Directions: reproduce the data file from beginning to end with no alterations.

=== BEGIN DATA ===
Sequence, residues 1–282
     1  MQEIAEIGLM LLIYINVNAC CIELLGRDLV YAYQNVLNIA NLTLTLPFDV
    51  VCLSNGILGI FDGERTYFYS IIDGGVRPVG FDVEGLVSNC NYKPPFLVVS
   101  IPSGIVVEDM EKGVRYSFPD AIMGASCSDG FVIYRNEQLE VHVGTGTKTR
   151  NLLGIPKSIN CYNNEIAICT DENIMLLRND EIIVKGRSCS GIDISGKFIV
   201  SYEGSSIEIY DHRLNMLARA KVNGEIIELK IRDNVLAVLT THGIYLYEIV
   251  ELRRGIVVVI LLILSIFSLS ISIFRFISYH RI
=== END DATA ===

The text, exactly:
Sequence, residues 1–282
     1  MQEIAEIGLM LLIYINVNAC CIELLGRDLV YAYQNVLNIA NLTLTLPFDV
    51  VCLSNGILGI FDGERTYFYS IIDGGVRPVG FDVEGLVSNC NYKPPFLVVS
   101  IPSGIVVEDM EKGVRYSFPD AIMGASCSDG FVIYRNEQLE VHVGTGTKTR
   151  NLLGIPKSIN CYNNEIAICT DENIMLLRND EIIVKGRSCS GIDISGKFIV
   201  SYEGSSIEIY DHRLNMLARA KVNGEIIELK IRDNVLAVLT THGIYLYEIV
   251  ELRRGIVVVI LLILSIFSLS ISIFRFISYH RI